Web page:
Girls with Magical Comfort Zones
Hannah scores a sweet gig as a freelance writer making big bucks for each feature article published. There’s only one catch: the content must be outrageous. Cocaine experiences, Craigslist threesomes, etc. She opts for the coke and is left with challenge of actually find some—enough—for her night of debauchery. Good luck, coke virgin!
While Hannah’s busy trying to score the good stuff from her downstairs neighbor, Laird (Jon Glaser), Marnie is busy pretending to be comfortable as a hostess at a rich guys’ club. While pretending to give two shits about the old geezer flirting with her; she spots “smidge of an artist” Booth Jonathan (Jorma Taccone) who instantly wants to sex her up.
Meanwhile, Hannah and Elijah are holed up in the apartment, and girlfriend definitely scored the Peruvian flake. I love the symbolism of this scene, particularly when Elijah convinces her to “leave her mark in a really big way.” I did something similar one day and can vouch for its positive effects on one’s psyche. If you ever need to just see the big picture of your life, and want to just get it all out from inside, just go crazy on your walls with a marker in your hand.
In an instant, Marnie has gone from infatuated to in love with Booth after discovering what a real and genuine talent he is in the world of interpretive art. It’s the exact type of lesson people in their 20’s inevitably learn at least once in their lifetime. The moment when a concept becomes a reality because you finally meet someone who is a subject matter expert.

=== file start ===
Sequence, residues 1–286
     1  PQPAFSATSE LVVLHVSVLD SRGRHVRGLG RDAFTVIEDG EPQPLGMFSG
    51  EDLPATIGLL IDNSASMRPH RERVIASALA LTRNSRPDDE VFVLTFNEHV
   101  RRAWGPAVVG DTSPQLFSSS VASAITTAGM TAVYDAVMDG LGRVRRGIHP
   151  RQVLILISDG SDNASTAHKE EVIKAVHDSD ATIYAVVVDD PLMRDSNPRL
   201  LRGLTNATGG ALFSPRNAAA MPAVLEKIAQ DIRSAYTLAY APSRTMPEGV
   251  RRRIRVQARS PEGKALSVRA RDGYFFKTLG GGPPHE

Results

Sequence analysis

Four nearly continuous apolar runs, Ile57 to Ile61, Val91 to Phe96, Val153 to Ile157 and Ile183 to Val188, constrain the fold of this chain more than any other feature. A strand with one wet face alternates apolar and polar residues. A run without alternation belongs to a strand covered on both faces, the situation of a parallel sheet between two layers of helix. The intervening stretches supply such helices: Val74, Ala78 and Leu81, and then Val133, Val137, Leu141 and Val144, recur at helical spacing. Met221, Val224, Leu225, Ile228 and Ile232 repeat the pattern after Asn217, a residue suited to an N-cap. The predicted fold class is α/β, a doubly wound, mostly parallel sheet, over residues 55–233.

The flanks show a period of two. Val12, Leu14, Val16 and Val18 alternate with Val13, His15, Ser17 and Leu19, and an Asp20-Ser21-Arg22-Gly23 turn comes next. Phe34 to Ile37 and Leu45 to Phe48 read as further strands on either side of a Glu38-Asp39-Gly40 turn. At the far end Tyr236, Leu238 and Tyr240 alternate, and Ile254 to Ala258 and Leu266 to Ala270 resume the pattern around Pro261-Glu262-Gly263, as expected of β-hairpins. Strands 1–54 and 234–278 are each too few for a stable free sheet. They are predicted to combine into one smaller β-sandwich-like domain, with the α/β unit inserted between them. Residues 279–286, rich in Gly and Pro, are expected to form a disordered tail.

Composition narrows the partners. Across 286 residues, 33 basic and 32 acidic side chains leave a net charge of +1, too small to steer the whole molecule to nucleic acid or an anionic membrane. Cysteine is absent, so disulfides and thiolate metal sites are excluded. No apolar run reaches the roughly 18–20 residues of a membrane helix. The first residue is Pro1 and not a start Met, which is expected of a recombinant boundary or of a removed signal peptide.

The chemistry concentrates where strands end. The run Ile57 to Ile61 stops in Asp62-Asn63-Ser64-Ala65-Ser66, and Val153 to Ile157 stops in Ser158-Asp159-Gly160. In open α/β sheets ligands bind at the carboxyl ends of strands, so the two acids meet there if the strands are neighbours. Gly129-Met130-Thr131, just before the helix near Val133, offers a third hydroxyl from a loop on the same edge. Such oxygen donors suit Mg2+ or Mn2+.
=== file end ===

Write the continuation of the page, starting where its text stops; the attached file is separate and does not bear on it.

Hannah finds herself venturing out into the underbelly of the city, at a private rage filled with glow sticks and emo kids with that thousand-yard eXstacy stare. For my money it looked like she was also learning one of life’s hard lessons. Mainly, friends are shits sometimes and will really let you down at times, and writing while coked out of your brain is impossible to do.
The part about friends doing lousy things has everything to do with a coked-up Elijah spilling the beans about knocking boots with Marnie. Hannah, as expected when she’s feigning she’s a young woman of high standards, reacts poorly to the news primarily out of vanity and little else. She wanted to be the last vajay-jay Elijah experienced and she’s really ticked off that little note in history has been crumpled and tossed into the trash bin.
She also learns that sometimes the person you are certain is one way, let’s say a junkie drug addict who lives in the apartment below you, isn’t that at all and sometimes rides to the rescue on his white horse, etc.
By the time the end credits rolled, which felt like happened about five minutes after this fast-paced, exciting episode started, Hannah and Marnie had harsh words with each other but are still, magically, friends. Hannah tells Elijah he has to move out and he finds the idea preposterous. Hannah and Laird swap spit outside the door to his apartment, but just for tonight, which is so Hannah.
The tagline for Season 2 of Girls is “almost getting it kind of together” but Sunday night’s episode should have been titled, “Girls who completely and totally do NOT have it together.”